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God of wonders, while our knowledge is encyclopedic, our ignorance is immense. But when we turn our minds to You, the secret things of Your ways and wisdom, we’re reduced to stammering reverence and humble adoration. We worship You, we adore You; to You be the glory forever. Amen.  Philip F. Reinders

Slow us down, O Lord

I began the Advent season at Trinity CRC speaking about slowing Candle graphic found via Googledown, about not letting the busyness leading up to Christmas rob us from experiencing this season’s significance. Being in a hurry will quickly wreck things any time of the year, but that seems especially true these days. In his book The Life You’ve Always Wanted: Spiritual Disciplines for Ordinary People, John Ortberg writes about how relationships require love, and “love and hurry are fundamentally incompatible. Love always takes time, and time is the one thing hurried people don’t have” (p. 81).

After speaking on this, someone emailed me this prayer originally from a group called Education for Justice. Consider praying it with me these next few days as Christmas approaches…

Slow us down, O Lord, this Advent,
so we may understand the darkness we are in,
the darkness of fear that comes with wanting more,
and the fear of having less.
Grant us the light of transformation,
as we wait for your true abundance –
the love of the Incarnation,
a love that brings us true dignity and security,
a love that embraces all, that enriches all,
that calls us all to share justly and celebrate joyfully.

Psalm 100 by a 4th grader

Girl writing graphic found via Google

My daughter’s 4th grade class at Rock Valley Christian School recently worked at expressing the messages in various psalms using their own words. Here is how my daughter interprets Psalm 100

Sing with joy to the Lord, all of His world.
Praise Him with happiness,
come in front of Him with happy songs.
Know that my Lord is my God and He made me.
I’m His.
I’m one of the rubber bands
in the bracelet of His children.
Come through the church doors
with a thankful smile on your face
and a tune of praise in your heart.
Thank Him with a song of praise.
My God is good,
He will love me forever.
He has been faithful to my family.

Religion in the workplace

CBC featured a news story yesterday about a Trinity Western University (TWU) graduate who alleges she was discriminated against by a wilderness tourism company because of her religion. After applying for a position with Amaruk Wilderness Corporation, Bethany Paquette received a rejection email from the company’s hiring manager who described TWU’s community standards that prohibit “sexual intimacy [outside] the sacredness of marriage between a man and a woman” as discriminatory. The rejection email included the explanation that “unlike Trinity Western University, we embrace diversity and the right of people to sleep with or marry whoever they want.” Lawyer Geoffrey Trotter reviews Bethany Paquette's human rights complaint with her. (Photo from CBC)Further email correspondence ensued in which it became increasingly clear that Ms. Paquette’s Christianity is incompatible with Amaruk’s business values. Ms. Paquette is now in the process of making a case against Amaruk with the BC Human Rights Tribunal.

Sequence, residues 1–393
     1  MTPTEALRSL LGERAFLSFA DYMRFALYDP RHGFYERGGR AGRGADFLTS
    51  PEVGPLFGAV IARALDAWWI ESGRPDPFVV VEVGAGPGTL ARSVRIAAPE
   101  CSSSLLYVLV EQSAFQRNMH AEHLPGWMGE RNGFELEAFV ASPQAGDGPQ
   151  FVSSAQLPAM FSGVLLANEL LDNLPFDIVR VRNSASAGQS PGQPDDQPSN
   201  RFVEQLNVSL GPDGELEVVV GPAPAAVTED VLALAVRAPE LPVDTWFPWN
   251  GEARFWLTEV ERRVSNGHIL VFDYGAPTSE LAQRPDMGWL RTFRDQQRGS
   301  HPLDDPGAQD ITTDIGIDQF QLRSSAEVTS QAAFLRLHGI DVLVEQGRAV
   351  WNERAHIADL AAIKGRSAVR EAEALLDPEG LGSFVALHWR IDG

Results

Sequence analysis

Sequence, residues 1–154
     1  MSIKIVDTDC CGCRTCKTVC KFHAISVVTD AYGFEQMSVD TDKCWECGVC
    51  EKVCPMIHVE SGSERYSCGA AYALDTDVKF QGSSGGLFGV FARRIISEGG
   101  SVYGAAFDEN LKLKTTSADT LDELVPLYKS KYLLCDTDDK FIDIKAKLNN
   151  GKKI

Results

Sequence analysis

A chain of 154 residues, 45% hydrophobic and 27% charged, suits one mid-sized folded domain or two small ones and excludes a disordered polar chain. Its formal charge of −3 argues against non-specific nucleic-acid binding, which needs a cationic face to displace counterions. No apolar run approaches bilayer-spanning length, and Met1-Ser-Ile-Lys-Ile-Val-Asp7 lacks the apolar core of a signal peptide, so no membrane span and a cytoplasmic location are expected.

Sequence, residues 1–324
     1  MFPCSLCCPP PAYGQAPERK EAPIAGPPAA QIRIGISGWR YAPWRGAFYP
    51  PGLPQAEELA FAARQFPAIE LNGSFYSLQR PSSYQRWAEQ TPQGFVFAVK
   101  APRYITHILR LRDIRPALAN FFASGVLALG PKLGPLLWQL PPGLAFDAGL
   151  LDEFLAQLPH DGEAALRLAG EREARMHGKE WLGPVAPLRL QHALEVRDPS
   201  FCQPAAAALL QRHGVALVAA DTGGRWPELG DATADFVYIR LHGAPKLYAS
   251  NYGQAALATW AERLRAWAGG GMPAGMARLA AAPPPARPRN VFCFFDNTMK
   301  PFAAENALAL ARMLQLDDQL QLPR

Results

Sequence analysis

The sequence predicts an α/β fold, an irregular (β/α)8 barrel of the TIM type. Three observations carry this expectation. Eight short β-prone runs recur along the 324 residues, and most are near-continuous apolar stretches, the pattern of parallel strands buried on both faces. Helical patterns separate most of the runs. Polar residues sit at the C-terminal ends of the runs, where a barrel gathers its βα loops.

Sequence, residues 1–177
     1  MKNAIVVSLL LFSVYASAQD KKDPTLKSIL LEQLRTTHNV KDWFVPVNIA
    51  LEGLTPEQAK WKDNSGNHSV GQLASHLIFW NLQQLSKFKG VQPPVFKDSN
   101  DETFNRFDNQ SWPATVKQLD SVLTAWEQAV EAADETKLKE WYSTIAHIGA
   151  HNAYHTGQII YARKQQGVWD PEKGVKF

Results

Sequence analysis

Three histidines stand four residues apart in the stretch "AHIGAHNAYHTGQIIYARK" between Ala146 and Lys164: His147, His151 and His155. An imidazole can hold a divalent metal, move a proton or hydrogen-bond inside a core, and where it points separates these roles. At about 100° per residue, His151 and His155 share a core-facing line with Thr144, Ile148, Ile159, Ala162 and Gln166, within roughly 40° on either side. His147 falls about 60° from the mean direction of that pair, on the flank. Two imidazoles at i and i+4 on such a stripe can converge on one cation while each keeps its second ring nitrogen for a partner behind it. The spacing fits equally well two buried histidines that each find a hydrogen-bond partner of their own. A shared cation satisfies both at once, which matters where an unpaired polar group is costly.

While I find it troubling that someone was rejected for a job on the basis of her Christian faith, I’m almost more troubled by a quote from Ms. Paquette herself in which she claims, “My beliefs have developed who I am as an individual, but they don’t come into play when I am doing my job.”


I would hope the opposite is true – that one’s beliefs have a profound impact on one’s work.

I would hope that my faith helps me see work in general as rooted in God’s original intent for creation: “The Lord God took the man and put him in the Garden of Eden to work it and take care of it.” Work is not a result of the fall into sin; humans are called to meaningful work already in Paradise.

I would hope that my faith informs me of where the skills with which I work come from. Whether it is serving, teaching, or leading, showing up daily at a farm, a factory, or an office, the talents I have are gifts from God Himself, given for the common good of those around me.

I would hope that my faith equips me to work honestly and with integrity while building community among those with whom and for whom I work. After all, I want to be like Jesus who perfectly models “speaking the truth in love,” balancing honesty with grace in every relationship.

I would hope that my faith inspires me to work hard, obeying the apostle Paul’s command: “Whatever you do, work at it with all your heart, as working for the Lord, not for human masters… It is the Lord Christ you are serving.” Ultimately, my work is in service to God who calls me to glorify Him not only on Sundays, but all week long.

In summary, I’d encourage Ms. Paquette to proudly assert how her faith comes into play on the job. It’s quite possible that discriminating against that faith actually cost Amaruk one of the best employees it could have ever hired.

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Trinity Western University logoAn aside: TWU is the same university that has come under scrutiny by various Canadian law societies in recent months because of its community standards. Advocates within the LGBT community voice concerns that the university’s stance against homosexuality will create biased lawyers in its new law program. In the early 2000s when TWU was seeking to accredit its teacher training program, the BC College of Teachers took TWU to court over similar concerns that TWU would produce teachers who would discriminate against students based on sexual orientation.

Now we seem to have a Christian pushing back, claiming that she is the one being discriminated against because of her religious beliefs. It will be interesting to see where this goes.